First in line is a French one man band called Ars Moriendi. In the recent years there seems to have been a bit of an explosion of good quality metal bands coming from France. Gojira, Hacride and Alcest being probably the top of the pile. Though I should probably also mention Grorr and Psygnosis who are very interesting to listen to. Ars Moriendi is manned by a multi-instrumentalist named Notre Amertume. Though whether that's his real name I have no idea. He's been steadily releasing albums since 2001. But the only album I have heard is 'La Singuliere Noirceur d'un Astre', The music on show here could be defined broadly as Black Metal. It is very experimental in nature, symphonic and atmospheric, with horror movie samples used as start. There is a fair bit of ambience used that could at first be construed to be just some padding in order to make the songs sound longer. So far I am very impressed with the instrumentation, a lot of thought has gone into what goes where, even the synths don't sound out of place and provide the necessary symphonic oomph the he needs. There is a lot of buzzsaw guitars on display, but that is then punctuated with some classic metal guitars and bookended with acoustic guitars as well. His singing veers from screeching, gutturals and whispers. All in French. The language of love is not on display or at least it is not showing it's intimate side here. It's all rough and edges, with side drip of evil going on. This is pretty much how I imagine Vincent Cassel if he was bathed in blood of thousand virgins screaming for the devil to forsake him while covering songs by early Enslaved. He isn't breaking any new ground here, but it all does sound good if some times a little generic in black metal terms, though the breakdown that happens in De l'intouchable Mort is pretty nifty. The bass playing on here is really something else to listen to, it's not often you get to hear such clear bass playing in Black Metal. None of the songs go below the 8 minute mark so there is quite a bit to digest, but all in all pretty good. I'll happily put this on and enjoy the screaming of French Horror.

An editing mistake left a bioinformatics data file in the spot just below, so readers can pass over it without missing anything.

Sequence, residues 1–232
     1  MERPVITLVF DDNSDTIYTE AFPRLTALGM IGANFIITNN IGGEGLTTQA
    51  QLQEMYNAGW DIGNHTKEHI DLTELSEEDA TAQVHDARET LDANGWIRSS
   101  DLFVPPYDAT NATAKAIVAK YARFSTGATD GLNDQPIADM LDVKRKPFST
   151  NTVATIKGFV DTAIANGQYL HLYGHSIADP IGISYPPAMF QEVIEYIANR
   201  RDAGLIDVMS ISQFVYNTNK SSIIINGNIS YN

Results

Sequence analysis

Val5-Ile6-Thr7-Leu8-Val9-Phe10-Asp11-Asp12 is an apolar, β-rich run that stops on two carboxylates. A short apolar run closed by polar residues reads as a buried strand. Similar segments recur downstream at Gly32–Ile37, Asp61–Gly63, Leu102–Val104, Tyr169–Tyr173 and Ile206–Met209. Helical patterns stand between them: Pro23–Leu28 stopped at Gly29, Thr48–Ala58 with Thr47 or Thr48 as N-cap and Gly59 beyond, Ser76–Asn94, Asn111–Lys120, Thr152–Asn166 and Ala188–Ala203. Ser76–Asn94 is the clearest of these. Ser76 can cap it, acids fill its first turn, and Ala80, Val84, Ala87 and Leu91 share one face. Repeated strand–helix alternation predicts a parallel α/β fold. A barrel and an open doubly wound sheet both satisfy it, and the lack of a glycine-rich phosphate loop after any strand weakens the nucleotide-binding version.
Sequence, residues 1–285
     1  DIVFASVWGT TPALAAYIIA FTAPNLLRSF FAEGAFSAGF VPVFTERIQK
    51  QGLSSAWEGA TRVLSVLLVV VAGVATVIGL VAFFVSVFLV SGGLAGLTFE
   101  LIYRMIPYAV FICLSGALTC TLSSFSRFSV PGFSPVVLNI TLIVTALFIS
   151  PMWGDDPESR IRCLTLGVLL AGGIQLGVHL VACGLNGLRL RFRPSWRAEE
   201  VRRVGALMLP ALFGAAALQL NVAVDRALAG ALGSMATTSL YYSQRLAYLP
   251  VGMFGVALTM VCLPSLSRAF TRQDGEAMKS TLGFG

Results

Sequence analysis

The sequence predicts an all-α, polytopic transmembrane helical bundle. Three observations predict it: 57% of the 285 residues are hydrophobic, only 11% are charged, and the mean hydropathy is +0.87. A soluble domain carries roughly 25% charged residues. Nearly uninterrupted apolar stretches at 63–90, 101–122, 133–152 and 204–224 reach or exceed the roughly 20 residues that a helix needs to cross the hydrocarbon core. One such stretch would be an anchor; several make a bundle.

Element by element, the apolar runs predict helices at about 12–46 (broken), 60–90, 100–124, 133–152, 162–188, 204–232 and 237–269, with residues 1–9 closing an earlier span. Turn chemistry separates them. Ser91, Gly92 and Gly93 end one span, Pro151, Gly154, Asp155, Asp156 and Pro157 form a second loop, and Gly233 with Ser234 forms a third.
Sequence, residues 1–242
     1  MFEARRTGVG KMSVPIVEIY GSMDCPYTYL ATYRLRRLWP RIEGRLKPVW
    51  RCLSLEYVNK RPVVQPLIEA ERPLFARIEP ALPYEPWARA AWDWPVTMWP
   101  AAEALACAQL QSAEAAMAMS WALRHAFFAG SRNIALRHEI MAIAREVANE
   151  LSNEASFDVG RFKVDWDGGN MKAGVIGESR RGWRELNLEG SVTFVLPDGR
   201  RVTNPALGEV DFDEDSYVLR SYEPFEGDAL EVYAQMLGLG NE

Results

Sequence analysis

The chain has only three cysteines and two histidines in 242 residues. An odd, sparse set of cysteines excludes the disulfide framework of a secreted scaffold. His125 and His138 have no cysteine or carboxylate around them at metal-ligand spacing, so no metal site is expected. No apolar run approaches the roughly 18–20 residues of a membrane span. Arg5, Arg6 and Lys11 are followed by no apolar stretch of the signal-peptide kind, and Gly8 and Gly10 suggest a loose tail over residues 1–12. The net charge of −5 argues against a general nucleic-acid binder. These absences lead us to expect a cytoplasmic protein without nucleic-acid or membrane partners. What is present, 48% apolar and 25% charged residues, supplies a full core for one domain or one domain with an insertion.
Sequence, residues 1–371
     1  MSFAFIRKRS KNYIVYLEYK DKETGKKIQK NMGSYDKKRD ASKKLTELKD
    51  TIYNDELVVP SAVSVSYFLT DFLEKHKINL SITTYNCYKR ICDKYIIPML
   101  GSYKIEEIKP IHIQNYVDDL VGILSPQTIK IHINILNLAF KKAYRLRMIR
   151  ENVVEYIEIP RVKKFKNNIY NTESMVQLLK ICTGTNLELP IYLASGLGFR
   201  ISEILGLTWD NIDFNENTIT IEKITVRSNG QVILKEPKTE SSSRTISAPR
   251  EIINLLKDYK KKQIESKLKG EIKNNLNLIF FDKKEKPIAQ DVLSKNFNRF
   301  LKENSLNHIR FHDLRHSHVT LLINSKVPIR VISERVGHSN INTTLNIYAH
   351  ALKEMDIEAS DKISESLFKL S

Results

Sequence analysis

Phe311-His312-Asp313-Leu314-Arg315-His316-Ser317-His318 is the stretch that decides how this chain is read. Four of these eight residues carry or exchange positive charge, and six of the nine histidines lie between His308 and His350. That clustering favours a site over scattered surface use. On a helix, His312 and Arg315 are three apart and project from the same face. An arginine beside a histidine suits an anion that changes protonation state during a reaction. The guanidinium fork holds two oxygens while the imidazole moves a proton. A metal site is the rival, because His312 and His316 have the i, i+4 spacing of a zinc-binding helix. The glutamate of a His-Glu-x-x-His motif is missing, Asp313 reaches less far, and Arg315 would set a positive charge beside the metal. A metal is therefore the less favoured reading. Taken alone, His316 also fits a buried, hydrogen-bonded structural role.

Wulf